WACO, TX - NOVEMBER 19: Terrance Williams #2 of the Baylor Bears celebrates a touchdown in the fourth quarter during a game against the Oklahoma Sooners at Floyd Casey Stadium on November 19, 2011 in Waco, Texas. The Baylor Bears defeated the Oklahoma Sooners 45-38. (Photo by Sarah Glenn/Getty Images)
Baylor landed the top prospect among their 11 commits on Sunday.
For 2013 Fort Worth Southwest wide receiver Robbie Rhodes, the publicity involved with the recruiting process was never something that he embraced. So it was with relatively little fanfare -- but not a lot of surprise -- that he made his commitment to the Baylor Bears public on Sunday.
A fast-rising prospect in the spring who is now considered a four-star recruit by all the major services and had broken into the top 50 nationally in the rankings by Rivals and ESPN, Rhodes held at least seven offers, but may have had more, as he sometimes forgot which schools had extended offers. Suffice it to say that Rhodes is talented enough to play for any program in the country.
As such, landing Rhodes is a major coup for the Bears; he's easily the best prospect currently committed in the class and represented a rare head-to-win win for Baylor coach Art Briles over Mack Brown and the Texas Longhorns, the team widely considered to have finished second in the Rhodes sweepstakes.
The recent success of Baylor helped sell Rhodes on the Briles and the Bears, but most especially the fact that the staff sold him on being the next Kendall Wright and playing in a high-flying offense. It's a program that has now shown it can produce top-level NFL wide receiver talent after Wright was drafted with the 20th pick this spring, something Texas can not claim in recent years.
It's possible that Rhodes is even more explosive than Wright, who has run a sub-4.4 40. At the Texas state track meet this spring, one of the most impressive sights in the entire event was Rhodes overtaking the Lancaster anchor late in the 4x200m relays to pull out the gold medal -- the extra gear to do so against some of the fastest track athletes in the entire country was chill-inducing.
Rhodes also had an extremely productive junior season on the gridiron, recording a national record-tying eight touchown receptions in a game against Fort Worth (TX) Arlington Heights.
Here's the scouting report on the newest Bear:
At a little over 6-0 and 185 pounds, the measurables don't stand out with Rhodes, who is relatively similar to Ra'Shaad Samples or former Skyline receiver Mike Davis in his ability to quickly eat a defender's cushion to get open on deep passes, though Rhodes probably has better speed than either. Bottom line for defensive backs going against Rhodes -- there's so little evidence of him running any hitches, square ins, or squares outs, throws his quarterback likely isn't capable of making, so it would probably be worth getting into a backpedal quickly when he comes hard off the line of scrimmage.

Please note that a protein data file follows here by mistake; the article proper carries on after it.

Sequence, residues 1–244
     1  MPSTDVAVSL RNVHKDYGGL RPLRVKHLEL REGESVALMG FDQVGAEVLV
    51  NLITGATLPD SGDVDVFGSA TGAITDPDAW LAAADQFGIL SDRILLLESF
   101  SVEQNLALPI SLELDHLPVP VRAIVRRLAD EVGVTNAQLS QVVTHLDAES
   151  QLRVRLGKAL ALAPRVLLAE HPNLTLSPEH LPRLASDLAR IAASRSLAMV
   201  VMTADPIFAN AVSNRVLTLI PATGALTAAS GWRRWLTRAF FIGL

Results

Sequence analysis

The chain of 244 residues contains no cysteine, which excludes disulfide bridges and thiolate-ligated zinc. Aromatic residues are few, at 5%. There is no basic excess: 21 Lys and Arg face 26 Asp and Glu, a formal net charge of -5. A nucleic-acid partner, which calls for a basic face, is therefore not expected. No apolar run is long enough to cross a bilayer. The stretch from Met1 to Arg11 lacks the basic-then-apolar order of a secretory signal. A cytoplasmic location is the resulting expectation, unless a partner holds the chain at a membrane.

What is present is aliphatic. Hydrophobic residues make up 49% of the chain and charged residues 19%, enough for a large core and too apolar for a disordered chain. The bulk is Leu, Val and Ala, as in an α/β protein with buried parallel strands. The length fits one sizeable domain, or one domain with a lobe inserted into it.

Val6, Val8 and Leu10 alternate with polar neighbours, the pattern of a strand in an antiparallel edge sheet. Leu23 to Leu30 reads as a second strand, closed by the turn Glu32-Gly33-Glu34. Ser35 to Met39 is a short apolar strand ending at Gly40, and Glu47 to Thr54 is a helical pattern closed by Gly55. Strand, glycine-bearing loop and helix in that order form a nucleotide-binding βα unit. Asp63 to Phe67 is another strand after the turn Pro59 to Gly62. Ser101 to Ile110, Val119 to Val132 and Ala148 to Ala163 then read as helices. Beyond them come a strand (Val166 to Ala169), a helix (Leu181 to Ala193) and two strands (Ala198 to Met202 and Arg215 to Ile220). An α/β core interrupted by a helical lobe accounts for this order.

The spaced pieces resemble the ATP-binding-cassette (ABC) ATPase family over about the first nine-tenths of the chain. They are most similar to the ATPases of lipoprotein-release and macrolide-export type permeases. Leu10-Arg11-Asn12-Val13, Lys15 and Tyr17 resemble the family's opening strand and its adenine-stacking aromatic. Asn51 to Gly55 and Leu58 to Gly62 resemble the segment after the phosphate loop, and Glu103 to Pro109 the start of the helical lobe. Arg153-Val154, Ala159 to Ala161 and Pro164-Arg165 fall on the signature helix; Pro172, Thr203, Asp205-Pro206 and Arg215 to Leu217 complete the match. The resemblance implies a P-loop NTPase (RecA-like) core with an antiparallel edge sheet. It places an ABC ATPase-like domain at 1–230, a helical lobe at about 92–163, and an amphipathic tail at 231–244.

The result, though, is that his highlights show little about how he performs as a route runner. Can he sink his hips to get in and out of his breaks or is he as raw in that regard as another recent Fort Worth product, current MIssouri Tiger and former Longhorn, Darius White?
Interestingly, Rhodes' highlights are filled with plays in which he both creates separation and makes plays in traffic. Seems impossible, right? Not with a quarterback who consistently underthrows the ball. As a result, there's ample evidence of Rhodes using his superior body control to find and adjust to the ball in the air, though he doesn't have the height and high-point ball skills of other prospects in the class like Whitehouse's Dylan Cantrell, a Texas Tech commit, or Oliver, the Texas pledge.
In terms of post-catch ability, there isn't a lot on film, other than a brief look at some impressive acceleration and the slightest evidence of some shiftiness and vision in traffic while working out of the Wildcat. Unfortunately, the longer highlights that are likely on Hudl are set on private for Rhodes.
While Rhodes isn't able to answer those questions in the summer during 7-on-7, he did impress overall and with a greater variety of route-running at a recent Under Armour event ($):
Simply put, Rhodes was the most talented prospect on hand Saturday, and by a wide margin. The 6-foot-1, 189-pound wide receiver is full of explosive speed and quickness with elite ball skills. His ability to instantly get off the line of scrimmage and into routes is among the best in the country and his ability to sink the hips and create separation in and out of breaks is elite. He made a number of highlight reel grabs during the event, and makes playing the position look smooth, effortless and easy.
It's worth noting that the wide receiver field at that event also included USC commit Eldridge Massington of Mesquite (TX) West Mesquite, Texas A&M commit LaQuvionte Gonzalez of Cedar Hill (TX), and several top 2014 prospects in the state.
Regardless of those minor concerns about his post-catch ability with the ball, Rhodes is a prospect every bit deserving of his lofty national ranking. The 11th pledge in the 2013 Baylor class could provide a significant and lasting boost to the recruiting efforts of Art Briles in Waco, buoyed by that recent on-field success.
Robbie Rhodes (junior offensive highlights) (via 247SportsStudio)